- 4 tbsp sambal oelek
- 1 tsp toasted sesame oil
- flaky sea salt
- toasted sesame seeds
Heat a 30cm cast-iron pan over medium-high heat until it’s very hot, about 4 minutes.
Prep and char the corn: shuck 4 whole cobs of corn, discarding the husks and corn silk that stick to the corn. If there are still a few stragglers hanging on, they’ll loosen themselves as the corn cooks.
Using tongs, arrange the cobs in the pan and cook, rotating slightly every 4 to 5 minutes, until the kernels on all sides are sporadically charred, 15 to 20 minutes total. Set aside.
Meanwhile, make the sambal-sesame butter: using a fork, mash together 100g room-temperature butter, 4 tablespoons sambal oelek, and 1 teaspoon sesame oil in a medium bowl until well combined.
Finely grate the zest of 1 lime into the butter and stir to incorporate. Cut the lime into 4 wedges for serving.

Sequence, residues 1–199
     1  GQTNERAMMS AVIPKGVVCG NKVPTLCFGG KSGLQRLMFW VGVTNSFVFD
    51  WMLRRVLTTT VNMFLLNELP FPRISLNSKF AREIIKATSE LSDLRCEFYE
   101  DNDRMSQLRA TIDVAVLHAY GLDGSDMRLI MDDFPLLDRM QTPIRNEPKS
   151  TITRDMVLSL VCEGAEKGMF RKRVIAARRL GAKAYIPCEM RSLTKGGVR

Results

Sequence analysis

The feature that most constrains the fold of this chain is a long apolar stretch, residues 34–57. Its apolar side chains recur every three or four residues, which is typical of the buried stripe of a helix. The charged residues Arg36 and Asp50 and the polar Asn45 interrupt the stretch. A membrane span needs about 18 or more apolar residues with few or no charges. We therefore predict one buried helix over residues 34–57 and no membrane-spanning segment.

Serve: cut each sweetcorn cob in half crosswise, if you wish. I find they’re easier to handle this way, and it helps avoid schmearing butter all over your face as you eat.
While still warm, slather each cob generously with sambal-sesame butter and season on all sides with flaky sea salt.
Sprinkle with toasted sesame seeds and serve with more sambal-sambal-sesame butter and the lime wedges alongside.
Marinated lentils with spiced walnuts and lotsa basil
- 3 garlic cloves
- 40g packed basil leaves
- 1 (100g) block feta cheese
- coarse sea salt and freshly ground black pepper
- 300g black beluga lentils or puy lentils (a.k.a. lentilles du puy)
- 120g raw walnuts, almonds, or pecans
- 125ml extra-virgin olive oil, plus more for drizzling
- 1 tbsp cumin seeds
- 1½ tsp ground coriander
- 50g golden raisins
- 80ml red or white wine vinegar